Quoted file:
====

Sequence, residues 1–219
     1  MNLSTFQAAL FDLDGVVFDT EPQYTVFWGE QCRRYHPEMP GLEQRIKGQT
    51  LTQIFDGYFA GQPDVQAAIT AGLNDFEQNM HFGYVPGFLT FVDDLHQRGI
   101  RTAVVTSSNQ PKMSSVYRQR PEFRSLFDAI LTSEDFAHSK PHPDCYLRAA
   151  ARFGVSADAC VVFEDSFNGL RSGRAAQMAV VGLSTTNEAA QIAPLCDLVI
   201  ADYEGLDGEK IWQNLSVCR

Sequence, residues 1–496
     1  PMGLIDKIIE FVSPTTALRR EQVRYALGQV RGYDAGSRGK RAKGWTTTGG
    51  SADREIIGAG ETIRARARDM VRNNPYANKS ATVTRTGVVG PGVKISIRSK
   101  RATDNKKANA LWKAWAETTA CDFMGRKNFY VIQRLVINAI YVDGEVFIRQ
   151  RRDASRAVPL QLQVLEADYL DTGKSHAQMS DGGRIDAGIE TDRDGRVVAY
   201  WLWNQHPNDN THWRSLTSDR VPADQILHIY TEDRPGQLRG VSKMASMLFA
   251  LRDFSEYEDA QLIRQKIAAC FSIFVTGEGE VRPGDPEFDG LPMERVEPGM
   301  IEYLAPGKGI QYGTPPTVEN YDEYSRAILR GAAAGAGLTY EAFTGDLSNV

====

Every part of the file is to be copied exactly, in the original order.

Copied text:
Sequence, residues 1–219
     1  MNLSTFQAAL FDLDGVVFDT EPQYTVFWGE QCRRYHPEMP GLEQRIKGQT
    51  LTQIFDGYFA GQPDVQAAIT AGLNDFEQNM HFGYVPGFLT FVDDLHQRGI
   101  RTAVVTSSNQ PKMSSVYRQR PEFRSLFDAI LTSEDFAHSK PHPDCYLRAA
   151  ARFGVSADAC VVFEDSFNGL RSGRAAQMAV VGLSTTNEAA QIAPLCDLVI
   201  ADYEGLDGEK IWQNLSVCR

Sequence, residues 1–496
     1  PMGLIDKIIE FVSPTTALRR EQVRYALGQV RGYDAGSRGK RAKGWTTTGG
    51  SADREIIGAG ETIRARARDM VRNNPYANKS ATVTRTGVVG PGVKISIRSK
   101  RATDNKKANA LWKAWAETTA CDFMGRKNFY VIQRLVINAI YVDGEVFIRQ
   151  RRDASRAVPL QLQVLEADYL DTGKSHAQMS DGGRIDAGIE TDRDGRVVAY
   201  WLWNQHPNDN THWRSLTSDR VPADQILHIY TEDRPGQLRG VSKMASMLFA
   251  LRDFSEYEDA QLIRQKIAAC FSIFVTGEGE VRPGDPEFDG LPMERVEPGM
   301  IEYLAPGKGI QYGTPPTVEN YDEYSRAILR GAAAGAGLTY EAFTGDLSNV